Peres Breaks Silence on Possible Attack on Iran — Will It Matter?

Article Summary
Even though Israel's presidents usually don't intefere in politics, Shimon Peres expressed his objection to an Israeli strike against Iran. Former president Yitzhak Navon backed his objection and supported Peres' decision to break the silence, writes Shimon Shiffer. Could Peres' voice become the tie-breaker in the fight over Israeli public opinion?

Make no mistake about President Shimon Peres: he is not always hesitant, he can get angry, and he knows how to say terrible things about people he does not respect. In the three and a half years in which Netanyahu has served as prime minister, Peres has been careful – very careful. Some would say too careful. But on Thursday, [Aug. 16, while interviewed on the occasion of his 89th birthday] the man responsible for Israel’s nuclear project decided he would no longer remain silent.  [Shimon Peres is known as the person behind Israel's nuclear program, having worked for that goal since the mid '50s, when he was appointed director general of the Defense Ministry.]

[PM] Netanyahu and [Defense Minister] Barak managed to make Peres lose his cool. Their behavior, their briefings to media regarding a possible attack on Iran, and especially their contrarian approach to US President Barack Obama set him off. Peres believes that Netanyahu and Barak could lead the country into a horrifying reality the day after an attack, which — as even they admit — would only postpone Iran’s acquisition of a nuclear weapon by a year or a year and a half. Therefore, he decided to make a presidential statement on Thursday, when he warned against the possibility of an Israeli attack without coordination and agreement with the United States. He seemed to be suggesting that such a move is too serious and fateful to be left up to those two — Netanyahu and Barak.

And still, Peres chooses his words carefully. He often says that his role requires he act with caution so as not to cause internal crises or disagreements with the prime minister. From his perspective, as he has explained behind closed doors, if he is going to be critical of Netanyahu, he prefers to express his opinion on [Netanyahu's] foot-dragging on the Palestinian issue, and his lack of initiative in renewing negotiations. “I tell him they are making mistakes,” Peres says. “And I urge him to stop the annexation of the West Bank.” But on this front, the president of Israel has given up on the prime minister, who he doesn’t believe is interested in being rescued from the dead-end with the Palestinians. Peres has essentially joined a long and respectable list of heads of state around the world who Netanyahu has managed to dupe with a false façade of willingness, ability and true intention to be remembered as a leader who acted to solve the bloody conflict with the Palestinians and choose a path of fair compromise. The president therefore decided to state his opinion on the Iranian nuclear issue.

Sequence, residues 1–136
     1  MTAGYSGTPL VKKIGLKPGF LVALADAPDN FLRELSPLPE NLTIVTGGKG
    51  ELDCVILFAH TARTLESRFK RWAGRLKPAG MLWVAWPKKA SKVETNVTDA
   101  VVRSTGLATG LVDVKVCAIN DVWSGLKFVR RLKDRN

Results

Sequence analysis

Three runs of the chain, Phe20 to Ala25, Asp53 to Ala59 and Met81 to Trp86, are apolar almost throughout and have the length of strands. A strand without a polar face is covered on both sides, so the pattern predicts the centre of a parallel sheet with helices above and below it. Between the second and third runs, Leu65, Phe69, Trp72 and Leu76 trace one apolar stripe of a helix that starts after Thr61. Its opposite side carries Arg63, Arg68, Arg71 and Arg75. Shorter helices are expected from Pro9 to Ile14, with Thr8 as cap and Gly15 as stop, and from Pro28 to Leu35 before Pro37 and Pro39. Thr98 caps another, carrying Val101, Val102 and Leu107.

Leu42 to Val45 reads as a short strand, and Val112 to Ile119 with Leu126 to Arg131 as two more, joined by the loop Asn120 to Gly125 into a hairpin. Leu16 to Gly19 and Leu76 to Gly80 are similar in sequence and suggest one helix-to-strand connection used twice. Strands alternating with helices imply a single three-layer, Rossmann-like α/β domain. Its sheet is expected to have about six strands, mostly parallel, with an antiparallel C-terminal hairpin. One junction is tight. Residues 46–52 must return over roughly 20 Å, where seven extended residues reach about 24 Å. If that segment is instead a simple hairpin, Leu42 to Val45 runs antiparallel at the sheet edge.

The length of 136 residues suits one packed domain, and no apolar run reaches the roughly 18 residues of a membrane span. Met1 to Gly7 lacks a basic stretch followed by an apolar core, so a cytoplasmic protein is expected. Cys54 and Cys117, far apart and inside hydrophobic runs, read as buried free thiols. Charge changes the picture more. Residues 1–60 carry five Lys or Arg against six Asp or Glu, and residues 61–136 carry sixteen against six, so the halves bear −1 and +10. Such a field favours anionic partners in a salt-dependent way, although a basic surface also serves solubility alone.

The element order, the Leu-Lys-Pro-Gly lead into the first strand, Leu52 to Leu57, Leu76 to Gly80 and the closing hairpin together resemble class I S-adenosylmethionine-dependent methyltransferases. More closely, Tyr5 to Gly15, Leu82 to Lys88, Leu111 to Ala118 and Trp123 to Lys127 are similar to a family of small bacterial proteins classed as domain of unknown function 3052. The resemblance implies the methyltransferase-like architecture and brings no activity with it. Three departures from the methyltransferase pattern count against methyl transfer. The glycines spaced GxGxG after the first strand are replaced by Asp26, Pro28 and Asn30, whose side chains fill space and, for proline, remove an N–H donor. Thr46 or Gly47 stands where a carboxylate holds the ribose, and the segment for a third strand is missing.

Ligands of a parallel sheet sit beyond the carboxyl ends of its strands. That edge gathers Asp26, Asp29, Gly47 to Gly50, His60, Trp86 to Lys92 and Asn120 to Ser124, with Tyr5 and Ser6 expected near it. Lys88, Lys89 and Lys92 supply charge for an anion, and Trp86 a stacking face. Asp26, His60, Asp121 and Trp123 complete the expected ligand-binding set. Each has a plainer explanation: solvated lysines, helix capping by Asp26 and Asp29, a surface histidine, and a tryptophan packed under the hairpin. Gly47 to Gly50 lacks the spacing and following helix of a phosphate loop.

Netanyahu and Barak, on the other hand, did not remain silent, and took off their gloves. Their responses to Peres’ statement — in which they referred to the Oslo Accords [agreements between Israel and the PLO, signed in 1993-94, designing the principles of a comprehensive peace plan between Israelis and Palestinians], to Peres’ opposition to the attack on the Iraqi nuclear reactor [the surprise Israeli air strike carried out on June 1981 that destroyed a nuclear reactor under construction, south of Baghdad. Menachem Begin was Israeli prime minister at the time.], and even to the Gaza disengagement   [Israel’s unilateral withdrawal from the Gaza strip. The plan was proposed by PM Ariel Sharon in 2004, and enacted in August 2005] — were offensive, unreasoned and mostly just low. And that’s just the beginning: In coming days, we are likely to bear witness to wild attacks on the president that will take a personal turn. Barak will probably also do his part by talking about the times that Peres undermined Rabin [both were opponents in the Israeli Labor party, and in turn prime ministers] — accompanied by a juicy imitation.

But the goal, it seems, has been achieved. The president, having joined the heads of the security establishment and intelligence community, may be the final chord that tips the balance in the fight between those who support and those who oppose an Israeli attack. Netanyahu, who has said that he and only he will decide if and when to attack, will be forced to reconsider his firm position. Following US declarations about Israel’s inability to attack Iran alone, if there remained any doubt that Netanyahu would back down from his position — Peres has made the painful decision easier for him. Now we wait and see what Netanyahu will write in his memoirs about the preparations for an attack, which have already cost the country billions of shekels, and why he decided at the last minute to refrain from giving the order.

Found in: peres, palestinians, oslo accords, nuclear, netanyahu, iraq, iran, idf, benjamin netanyahu, barak

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